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NDP Dumped, Kenney Count Down Begins

Edmonton (ATB): According to a sizeable majority of voters, the NDP and Rachel Notley didn’t get the job done of reviving the economy and getting pipelines built. Such is the harsh price of failure.
Albertans outside of Edmonton decided that a more aggressive plan under Jason Kenney and his rookie United Conservative Party will be more effective. The premier-designate did not back away from that promise in his half-hour acceptance speech.
“Today our great province has sent a message to Canada and the world that Alberta is open for business,” he said.
For a fiery Kenney, the fight for pipelines will be ramped up, putting opponents on notice that Alberta’s patience has run out.
“There is a deep frustration in this province, a sense that we have contributed massively to the rest of Canada, but that everywhere we turn we are being blocked in and pinned down,” he said.
Voters in Calgary and rural ridings have high expectations the rhetoric will translate into action, finally. It’s a tall order, with the price of oil lingering around $60 a barrel, natural gas prices in the dumps and another Trans Mountain pipeline decision. All of these issues, including the oft-delayed Keystone XL and Line 3 pipelines, are largely out of Alberta’s hands and pipeline opponents, here and internationally, have not suddenly evaporated. Unabashed, Kenney vowed to battle those enemies head-on.
The UCP also ran on a pledge to bring runaway government spending under control. Albertans are justifiably frightened as provincial debt heads to $100 billion. Again, that’s another formidable challenge as tough choices will have to be made while cutting corporate tax revenue.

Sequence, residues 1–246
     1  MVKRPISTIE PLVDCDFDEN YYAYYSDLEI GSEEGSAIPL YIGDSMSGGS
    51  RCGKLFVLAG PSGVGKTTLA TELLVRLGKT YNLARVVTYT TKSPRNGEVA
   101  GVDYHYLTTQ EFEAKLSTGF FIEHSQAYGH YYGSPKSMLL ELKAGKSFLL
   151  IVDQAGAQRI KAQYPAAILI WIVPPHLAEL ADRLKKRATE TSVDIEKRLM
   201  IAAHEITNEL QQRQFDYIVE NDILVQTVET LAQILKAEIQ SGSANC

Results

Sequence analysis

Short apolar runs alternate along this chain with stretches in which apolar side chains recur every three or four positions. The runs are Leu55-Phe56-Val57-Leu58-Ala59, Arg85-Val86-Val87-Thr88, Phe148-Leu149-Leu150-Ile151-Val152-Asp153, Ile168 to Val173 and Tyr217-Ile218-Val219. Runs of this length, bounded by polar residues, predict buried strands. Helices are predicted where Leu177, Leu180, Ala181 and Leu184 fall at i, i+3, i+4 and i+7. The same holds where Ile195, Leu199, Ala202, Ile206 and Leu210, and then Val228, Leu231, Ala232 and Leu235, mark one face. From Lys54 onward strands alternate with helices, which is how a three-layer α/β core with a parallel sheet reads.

Another voter carrot was the promise to end the despised carbon tax, which Kenney has said will be one of the first tasks of his new government. But without a provincial carbon tax, the federal government will impose its own on Albertans. Kenney will likely join the other conservative premiers in a legal challenge of federal jurisdiction.
Despite authorizing a constant barrage of ugly attacks on the UCP during the campaign, Notley was gracious in defeat.
“It has been an honour to serve as your premier and it will be an honour to serve as the leader of Her Majesty’s Loyal Opposition,” she told supporters.
We salute all the MLAs who served this province for the past four years. Public service is an honour, privilege and a huge commitment. We wish the best of luck to the new crop.
For all the nastiness of the campaign, both sides, however, will have to put down their social media arms and work for the good of all Albertans, which is not to say the government should escape scrutiny by a vigorous opposition.
For Kenney, its mission accomplished for one of the most remarkable political odysseys in Canadian history. After years in Ottawa in the Harper cabinet, he returned to Alberta with one goal in mind: restore conservative rule.
To do that, he had to win the leadership of the Progressive Conservative party. Check. Then he had to unite the fractious Wildrose and PC parties into the UCP. Check. Next, he had to become the leader of the new party. Check. Finally, he had to win over Alberta. Check.
For all that, his toughest task has just begun.

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